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I read with interest the article "Pope says women must have voice" (Voice, May 5). This is a call to action! My concern is present Cannon Law (CIC 767) which states that only a priest or deacon may preach the homily during Holy Mass. I believe lay parishioners, both men and women, who are well versed in the Gospel and skilled public speakers, should be allowed to preach the homily at Holy Mass.
Pope Francis calls on all Catholics to evangelize. Vatican II says that the laity should be involved in the Liturgy of the Church. The Gospel should be interpreted in terms of today's meanings, terms and personal experiences. This is not to say that priests do not give good sermons. They do. I have been fortunate to hear lay people give the homily at Newman Hall, Holy Spirit Church on several occasions and found it very enlightening. Recently, the bishop has requested (directed?) that they no longer allow lay people to give the homily.
I don't believe lay people must attend Church in silence: "Let your women keep silence in the churches: for it is not permitted unto them to speak; but they are commanded to be under obedience as also saith the law." (Cor 14:34). Aren't we all members of the Church? We should all have a voice in how the Church should run. Women, especially, must not be treated as second-class citizens. Let us join the 21st Century!
[Editor's note: Can. 767 reserves preaching of the homily to a priest or deacon, with exceptions made by the bishop. The USCCB also says "In providing for preaching by the lay faithful the diocesan bishop may never dispense from the norm which reserves the homily to the sacred ministers" (c. 767, §1; cfr. Pontifical Commission for the Authentic Interpretation of the Code of Canon Law, 26 May 1987, in AAS 79 , 1249). "Preaching by the lay faithful may not take place within the Celebration of the Eucharist at the moment reserved for the homily."]
I am writing out of concern that has built in my mind over a very long time: Too many times I walk into a church to pray and there are distractions preventing me from doing so. Imagine kneeling in front of the Blessed Sacrament in prayer, a precious and deeply meaningful experience for which people will make time out of a very busy day, and being unable to pray because there are people gathered around the piano honing some musical phrase repeatedly.
A house of prayer is just that: a house of prayer. When people come into a house of prayer, they should not be distracted from their purpose. This is why I am appealing to those in the music ministries throughout the diocese: Please do not use a house of prayer as a house of rehearsal or even a place to entertain people.
If you need to rehearse, please do so on your own time at some other location. If the music is so hard to deliver that so much rehearsal is required, there is either a problem with the music or with the musicians. The music is supposed to be sacred, according to the norms of the Church, yet very often sacred music is not used. The actual sacred music in the church is not that hard to play or sing, doesn't require professional musicians and can be taken care of even by a single cantor without any musical instruments.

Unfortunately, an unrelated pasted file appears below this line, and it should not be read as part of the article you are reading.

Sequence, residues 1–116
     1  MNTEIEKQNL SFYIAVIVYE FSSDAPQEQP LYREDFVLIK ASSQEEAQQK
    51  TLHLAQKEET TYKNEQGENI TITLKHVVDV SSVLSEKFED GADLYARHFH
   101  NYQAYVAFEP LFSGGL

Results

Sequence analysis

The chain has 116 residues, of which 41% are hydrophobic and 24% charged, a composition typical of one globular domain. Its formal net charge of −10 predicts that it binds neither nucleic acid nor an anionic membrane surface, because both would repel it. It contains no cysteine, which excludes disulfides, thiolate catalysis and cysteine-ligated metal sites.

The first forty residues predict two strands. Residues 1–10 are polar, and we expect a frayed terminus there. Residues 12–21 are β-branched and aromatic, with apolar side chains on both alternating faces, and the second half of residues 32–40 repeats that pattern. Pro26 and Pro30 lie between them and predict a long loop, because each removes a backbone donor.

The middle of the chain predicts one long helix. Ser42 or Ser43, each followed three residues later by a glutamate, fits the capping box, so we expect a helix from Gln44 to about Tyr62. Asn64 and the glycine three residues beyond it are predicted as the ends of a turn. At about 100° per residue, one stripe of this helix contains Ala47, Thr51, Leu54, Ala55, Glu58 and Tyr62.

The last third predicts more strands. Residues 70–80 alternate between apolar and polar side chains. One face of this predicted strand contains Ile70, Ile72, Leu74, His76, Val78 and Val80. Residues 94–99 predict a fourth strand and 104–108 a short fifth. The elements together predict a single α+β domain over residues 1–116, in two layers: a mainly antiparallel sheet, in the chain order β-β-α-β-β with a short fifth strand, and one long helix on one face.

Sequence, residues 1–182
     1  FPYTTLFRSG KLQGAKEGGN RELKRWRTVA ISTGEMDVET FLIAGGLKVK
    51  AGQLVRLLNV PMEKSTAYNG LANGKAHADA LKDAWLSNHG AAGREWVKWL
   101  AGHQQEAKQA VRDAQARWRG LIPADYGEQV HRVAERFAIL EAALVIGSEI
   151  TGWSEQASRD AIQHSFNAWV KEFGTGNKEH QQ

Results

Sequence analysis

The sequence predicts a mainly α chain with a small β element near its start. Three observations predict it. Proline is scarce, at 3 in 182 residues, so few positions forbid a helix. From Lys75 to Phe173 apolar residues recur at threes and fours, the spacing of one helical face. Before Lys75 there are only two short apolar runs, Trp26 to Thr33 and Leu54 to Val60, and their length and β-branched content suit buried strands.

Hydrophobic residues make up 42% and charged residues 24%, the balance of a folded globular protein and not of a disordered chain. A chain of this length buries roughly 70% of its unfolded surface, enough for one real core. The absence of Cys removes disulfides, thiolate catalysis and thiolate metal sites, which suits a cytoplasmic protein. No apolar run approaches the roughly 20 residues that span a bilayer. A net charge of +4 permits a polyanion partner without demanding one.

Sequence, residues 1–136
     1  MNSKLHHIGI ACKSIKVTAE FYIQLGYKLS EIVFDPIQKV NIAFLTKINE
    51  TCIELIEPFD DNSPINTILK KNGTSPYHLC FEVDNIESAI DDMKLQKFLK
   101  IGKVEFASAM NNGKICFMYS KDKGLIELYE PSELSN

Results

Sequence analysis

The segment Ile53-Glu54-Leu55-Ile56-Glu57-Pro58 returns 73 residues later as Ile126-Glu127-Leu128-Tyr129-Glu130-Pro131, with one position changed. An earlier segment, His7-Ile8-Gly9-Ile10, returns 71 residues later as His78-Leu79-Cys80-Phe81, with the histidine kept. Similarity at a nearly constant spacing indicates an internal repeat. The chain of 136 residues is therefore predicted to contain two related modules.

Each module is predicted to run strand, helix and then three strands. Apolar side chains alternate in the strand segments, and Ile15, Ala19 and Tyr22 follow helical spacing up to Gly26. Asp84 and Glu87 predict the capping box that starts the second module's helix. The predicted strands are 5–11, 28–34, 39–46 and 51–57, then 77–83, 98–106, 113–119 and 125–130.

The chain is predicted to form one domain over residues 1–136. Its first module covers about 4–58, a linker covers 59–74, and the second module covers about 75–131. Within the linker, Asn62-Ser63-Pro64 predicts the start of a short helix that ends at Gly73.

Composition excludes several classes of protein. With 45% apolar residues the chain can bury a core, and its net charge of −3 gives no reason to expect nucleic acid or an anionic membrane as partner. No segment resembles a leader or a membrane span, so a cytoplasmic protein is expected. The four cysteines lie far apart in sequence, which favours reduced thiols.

We don't need elaborate sound systems, we don't need a six-person band complete with drums and deafening sound systems, and the loudest musicians at a Mass should be the parishioners being led in song. I recently saw a budget at a local parish where 25 percent of all donations went to a music ministry that literally would not stop rehearsing even when people gathered to pray the rosary were interrupted by sound checks and ear-piercing feedback. Can anyone even begin to describe what is wrong with this picture?
When people come into a church to pray either individually or as a community, they often do so for very important reasons. Their moments in church are precious.
Abortion always evil
In an earlier letter (Forum, May 5), I explained that abortion is intrinsically evil whereas other life issues are not, and that difference may make it uniquely appropriate to exclude pro-abortion Catholic politicians from Holy Communion for obstinately persisting in supporting the manifest grave sin of abortion.
Whether a Catholic politician may (or must) support a particular piece of economic or environmental legislation — i.e., whether it would be good or evil to do so — requires a prudential judgment applying positive principles to a concrete situation.
No such determination is necessary when it comes to abortion, since it is always intrinsically evil to deliberately and intentionally kill a baby. As such, a Catholic politician may never support abortion, and one who obstinately persists in doing so is objectively not in communion with the Church.
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